Archive - News Article
September 4th, 2012
Wapakoneta City Schools have again been ranked effective, with three of the district’s four buildings receiving excellent ratings.
The information is based on preliminary 2012 state report card data released by the state to Wapakoneta City School’s Superintendent Keith Horner. Due to cheating concerns at the state level this year by some schools in the state, Ohio Department of Education (ODE) officials have delayed the release of each district’s information to the public as it typically does in the middle of August.
ST. MARYS — As the calendar changes to September, a local county official says residents should keep the threat of severe weather in mind during fall.
September is Preparedness Month — a campaign sponsored by FEMA that looks to make residents cognizant of severe weather and disasters and how to plan accordingly for the events. Auglaize County EMA Director Troy Anderson said fall has become an active weather season for Auglaize County.
A Wapakoneta firefighter is no longer a member of the Wapakoneta Fire Department after being terminated Friday morning.
Wapakoneta firefighter Tom Stinebaugh, who was a captain at the beginning of the year and was demoted in March, attended a formal personnel hearing this morning when Safety-Service Director Bill Rains informed Stinebaugh he would no longer be employed by the city.
“It is unfortunate,” Rains told the Wapakoneta Daily News Friday afternoon. “He violated city policies and procedures and we moved forward.”
Another full-time computer operations position has been added to the Auglaize County staff .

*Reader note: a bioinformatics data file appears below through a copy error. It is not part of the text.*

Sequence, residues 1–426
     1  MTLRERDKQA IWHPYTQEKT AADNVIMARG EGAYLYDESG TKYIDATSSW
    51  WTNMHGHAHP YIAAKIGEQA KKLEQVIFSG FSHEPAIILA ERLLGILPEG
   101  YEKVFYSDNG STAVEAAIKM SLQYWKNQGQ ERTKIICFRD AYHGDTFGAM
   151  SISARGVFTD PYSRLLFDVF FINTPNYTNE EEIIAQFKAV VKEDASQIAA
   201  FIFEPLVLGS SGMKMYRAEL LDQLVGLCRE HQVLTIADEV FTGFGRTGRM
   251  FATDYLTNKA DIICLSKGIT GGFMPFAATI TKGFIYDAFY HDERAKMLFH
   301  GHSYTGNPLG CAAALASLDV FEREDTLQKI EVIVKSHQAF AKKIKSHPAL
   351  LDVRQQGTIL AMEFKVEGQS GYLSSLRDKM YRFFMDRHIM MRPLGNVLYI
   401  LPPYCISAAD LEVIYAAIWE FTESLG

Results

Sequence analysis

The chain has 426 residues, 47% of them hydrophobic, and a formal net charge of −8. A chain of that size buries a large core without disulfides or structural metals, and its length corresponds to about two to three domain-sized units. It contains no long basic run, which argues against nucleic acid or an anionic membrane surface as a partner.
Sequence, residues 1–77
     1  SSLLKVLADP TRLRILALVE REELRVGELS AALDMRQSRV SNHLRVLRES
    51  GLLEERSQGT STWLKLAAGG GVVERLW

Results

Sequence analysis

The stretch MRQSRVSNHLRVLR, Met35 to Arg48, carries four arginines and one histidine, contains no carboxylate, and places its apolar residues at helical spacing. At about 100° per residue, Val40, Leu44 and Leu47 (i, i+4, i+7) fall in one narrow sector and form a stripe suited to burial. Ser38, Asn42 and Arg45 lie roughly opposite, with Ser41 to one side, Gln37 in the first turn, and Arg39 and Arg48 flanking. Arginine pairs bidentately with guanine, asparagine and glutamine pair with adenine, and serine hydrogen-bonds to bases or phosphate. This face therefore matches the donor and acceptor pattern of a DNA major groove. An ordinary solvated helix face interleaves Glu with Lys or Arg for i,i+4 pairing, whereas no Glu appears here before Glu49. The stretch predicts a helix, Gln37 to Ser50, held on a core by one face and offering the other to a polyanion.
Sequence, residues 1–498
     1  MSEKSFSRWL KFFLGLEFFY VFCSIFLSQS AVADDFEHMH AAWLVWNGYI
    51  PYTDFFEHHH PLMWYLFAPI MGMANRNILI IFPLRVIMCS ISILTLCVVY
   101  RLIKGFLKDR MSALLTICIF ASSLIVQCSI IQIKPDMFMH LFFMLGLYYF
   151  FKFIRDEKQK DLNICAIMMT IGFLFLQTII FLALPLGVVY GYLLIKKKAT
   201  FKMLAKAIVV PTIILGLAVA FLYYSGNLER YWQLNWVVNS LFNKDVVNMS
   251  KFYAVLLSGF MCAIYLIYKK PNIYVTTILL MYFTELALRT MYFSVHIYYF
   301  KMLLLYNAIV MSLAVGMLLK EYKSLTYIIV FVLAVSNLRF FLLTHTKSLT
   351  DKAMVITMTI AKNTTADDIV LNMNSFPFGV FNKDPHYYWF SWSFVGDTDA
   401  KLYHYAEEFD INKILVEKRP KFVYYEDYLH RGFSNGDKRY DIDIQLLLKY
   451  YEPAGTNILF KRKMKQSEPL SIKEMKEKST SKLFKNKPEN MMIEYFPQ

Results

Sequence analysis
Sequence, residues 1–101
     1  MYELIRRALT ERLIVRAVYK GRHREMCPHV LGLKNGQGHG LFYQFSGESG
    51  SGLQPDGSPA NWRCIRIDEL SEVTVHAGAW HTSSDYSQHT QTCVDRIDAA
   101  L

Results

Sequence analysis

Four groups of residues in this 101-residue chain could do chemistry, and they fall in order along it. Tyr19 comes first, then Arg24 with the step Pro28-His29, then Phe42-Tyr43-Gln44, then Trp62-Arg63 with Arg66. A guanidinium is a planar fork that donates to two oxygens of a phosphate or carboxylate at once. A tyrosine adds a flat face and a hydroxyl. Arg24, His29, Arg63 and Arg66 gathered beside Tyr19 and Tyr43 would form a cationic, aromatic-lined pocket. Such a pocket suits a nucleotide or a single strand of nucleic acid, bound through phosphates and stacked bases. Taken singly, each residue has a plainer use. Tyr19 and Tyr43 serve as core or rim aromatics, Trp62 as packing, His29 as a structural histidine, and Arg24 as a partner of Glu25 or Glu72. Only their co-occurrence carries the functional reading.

Auglaize County Commissioner Doug Spencer said while the commissioners debated about filling an assistant county computer operations manager position with an intern, duties of that position dictated that they hire someone full-time.
Two local grocery store baggers have proven they are very unlikely to leave customers with broken eggs or smashed bread.
Brad Severt and Josh Apple, baggers at the Wapakoneta Community Market on Defiance Street, recently swept a regional “best bagger” competition held at the local store and advanced to a state contest earlier this month at Ray’s Market, in Lima.
With teen motorists remaining Ohio’s most at-risk group for being involved in a traffic crash, efforts are being made statewide to help these new motorists remain in control behind the wheel.
A new program being implemented by the Ohio State Highway Patrol (OSHP) is meant to educate high school students about the dangers new motorists face, as well as the importance of good decision making.
Local law enforcement officials are hoping a new law banning texting while driving will enforce itself for the most part as it takes effect today.
The new law bans all adults 18 years of age or older from sending or reading text-based messages from behind the wheel of a car.
The offense is a secondary offense, which means law enforcement cannot make a stop based on viewing someone texting messages. The offense is a minor misdemeanor.
As the evening sun sank below the horizon and a bright, white moon rose in the clear eastern sky, people streamed onto the southwest lawn of the Armstrong Air & Space Museum to honor Neil Alden Armstrong who lived his life humbly, honorably and modestly by giving a wink at the moon.
Approximately 2,500 people gathered Wednesday night to pay tribute to the first man to walk on the moon and fulfill a family wish that “the next time you walk outside on a clear night and see the moon smiling down at you, think of Neil Armstrong and give him a wink.”
While the whole world was glued to their televisions one 1969 midsummer evening, one Wapakoneta resident was as close as she could be to the presence of Neil Armstrong.
Jean Geren Dietz was 8 years old and was at Neil Armstrong’s parents’ home with her parents for a Splash Down Party on July 20, 1969, experiencing the first steps on the moon by a local hometown hero with approximately 20 to 30 other people.
The hiring of three new teachers was approved Tuesday by Wapakoneta City Schools Board of Education members on the night of the first day of classes.
“They are already working,” Wapakoneta City Schools Superintendent Keith Horner said of the teachers approved by the district’s board members during the regular monthly meeting. “We are glad to have them on board.”
He said Danille Schmidt was hired late to teach kindergarten at Wapakoneta Elementary School due to high student numbers in kindergarten classrooms at the school.